After his stint at the helm of S1 ended in October, Chip is back in the banking business taking the reins of startup Live Oak Banking Company. The Wilmington, NC-based company is still in formation. But it recently passed a regulatory milestone, raising $8 million in capital from fewer than 10 investors (see note 1, 2). David Lucht, who worked with Mahan as a credit officer for Cardinal Bancshares, is the Live Oak's President.

Live Oak was recently profiled in the local business press (here), and will apparently specialize in lending to veterinarian practices and kennels. 

While a number of banks target health care practices including veterinarians, none appear to be aggressive online marketers with the possible exception of Bank of America, which is the only mainstream financial institutions using Google to market vet practice loans (note 3).  Also, BB&T's Vine Street Financial lists vet practices on its menu of commercial health care lending services (see inset).

With Mahan at the helm, its almost certain their will be a web-based component to the bank's strategy. This is the long-tail of lending at work, targeting a highly specific area that needs a national focus in order to create enough volume to survive. Eventually, we expect to see national lenders targeting hundreds, if not thousands, of business niches online.

For more information on small business strategies, refer to Online Banking Report #107/108 (here).

——–

Notes:

1. It looks like the company may have registered the URL <liveoakbanking.com> as their URL, but its not currently live and the registration info is unlisted.

2. Here's what the North Carolina banking commission has listed for the company:

  • Required capitalization: $8 million
  • Prospective employees: 15
  • Address: 2605 Iron Gate Dr., Wilmington
  • Principals: James "Chip" Mahan, CEO; David Lucht, president
  • Focus: Business lending to vets, kennels and children's day care operations

3. Source: Google search, 14 June 2007, from Seattle IP address, 2 PM PDT

Remote Deposit Sightings: Wall Street Journal & PNC Bank

It takes a long time before a new process or technology becomes "conventional wisdom," something that is accepted at face value without questioning its pros and cons. While we are still years away from that happening with remote deposit technology, at least the mainstream press has picked up on its benefits, one of the first steps towards mass adoption.

The latest example was in today's Wall Street Journal special Small Business section. In "Branching Out," a general article on banks' growing interest in small businesses, author David Enrich prefaced an Aite Group "levels the playing field" quote with this (p. R6):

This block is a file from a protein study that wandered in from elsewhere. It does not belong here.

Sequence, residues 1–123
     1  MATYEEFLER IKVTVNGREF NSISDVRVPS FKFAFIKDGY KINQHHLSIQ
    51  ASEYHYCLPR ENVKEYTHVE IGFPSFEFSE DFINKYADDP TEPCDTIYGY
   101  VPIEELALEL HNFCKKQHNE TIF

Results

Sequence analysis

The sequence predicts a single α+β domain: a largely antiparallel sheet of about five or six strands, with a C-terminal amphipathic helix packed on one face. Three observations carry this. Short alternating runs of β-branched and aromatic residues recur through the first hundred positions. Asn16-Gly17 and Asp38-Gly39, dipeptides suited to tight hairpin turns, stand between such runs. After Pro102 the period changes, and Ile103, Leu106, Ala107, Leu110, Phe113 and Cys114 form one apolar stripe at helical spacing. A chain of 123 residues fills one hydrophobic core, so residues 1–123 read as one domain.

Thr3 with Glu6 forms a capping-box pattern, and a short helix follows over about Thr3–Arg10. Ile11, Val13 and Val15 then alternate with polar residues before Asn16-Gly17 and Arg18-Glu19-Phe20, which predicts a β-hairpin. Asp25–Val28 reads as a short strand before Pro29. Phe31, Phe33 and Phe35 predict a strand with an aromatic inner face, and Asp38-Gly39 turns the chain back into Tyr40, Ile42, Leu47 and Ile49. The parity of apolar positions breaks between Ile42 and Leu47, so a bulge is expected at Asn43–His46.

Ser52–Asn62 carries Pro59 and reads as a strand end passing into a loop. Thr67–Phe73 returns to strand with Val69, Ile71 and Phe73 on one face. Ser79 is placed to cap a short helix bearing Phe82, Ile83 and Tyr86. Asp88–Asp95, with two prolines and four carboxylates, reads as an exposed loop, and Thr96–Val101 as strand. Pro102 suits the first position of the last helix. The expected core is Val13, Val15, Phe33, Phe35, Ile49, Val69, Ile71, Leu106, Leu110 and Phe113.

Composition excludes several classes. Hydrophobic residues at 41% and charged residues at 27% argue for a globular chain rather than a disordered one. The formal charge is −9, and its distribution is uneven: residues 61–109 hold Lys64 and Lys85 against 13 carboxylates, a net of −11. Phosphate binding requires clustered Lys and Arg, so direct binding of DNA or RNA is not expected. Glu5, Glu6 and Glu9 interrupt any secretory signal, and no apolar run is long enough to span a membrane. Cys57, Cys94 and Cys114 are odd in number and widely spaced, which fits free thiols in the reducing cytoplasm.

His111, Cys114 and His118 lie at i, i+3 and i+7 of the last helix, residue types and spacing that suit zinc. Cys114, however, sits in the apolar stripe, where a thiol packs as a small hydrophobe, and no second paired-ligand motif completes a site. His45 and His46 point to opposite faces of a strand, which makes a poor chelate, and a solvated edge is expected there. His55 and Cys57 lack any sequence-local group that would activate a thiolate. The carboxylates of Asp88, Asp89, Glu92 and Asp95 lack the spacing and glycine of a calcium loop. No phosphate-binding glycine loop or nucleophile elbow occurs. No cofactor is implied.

Remote deposit makes it less important to select a bank based on its location or number of branches–which many big banks tout as a key selling point.

Analysis
The key take-away here is that banks should make sure remote deposit services are prominently featured in checking/cash management offers aimed at attracting new business clients. 

Google search on remote deposit capture CLICK TO ENLARGE For example, PNC Bank is currently running a remote deposit promotion with a free scanner for customers who sign up before the end of April (see landing page screenshot below). The service is powered by Bankserv (PNC data sheet here;

The promotion is well-placed on Google, with the fourth-highest AdWords placement giving PNC the top-right slot (see inset).

However, neither the promotion or remote deposit are mentioned on the bank's main business checking account marketing page (see second screenshot below). We like the promotion, the first we've seen advertising a free scanner via Google, but the bank seems to be missing the chance to grab new accounts with the freebie.  

PNC Bank landing page from Google search on "remote deposit capture"
(Seattle IP address, 19 March 2007, 9 AM PDT)

PNC Bank landing page from Google search on "remote deposit capture"

PNC Bank main business checking page (19 March 2007)

PNC Bank main business checking page (19 March 2007)

Digital Insight Now Officially Part of Intuit

Link to Digital Insight website Intuit's $1.3 billion acquisition of Digital Insight closed yesterday, marking the beginning of a new era of innovation in small business online banking (previous coverage here). It's a market that's been underserved for years (see Online Banking Report'sSmall- and Microbusiness Online Banking, #107/108).

Intuit, which has iPod-like domination of small business accounting and bookkeeping via Quicken and QuickBooks, can now leverage the software relationship into the banking relationship.  The bloggers at Intuit's QuickBooks team-blog expanded on that theme here, discussing their goal of integrating electronic invoicing and payments into the bank site: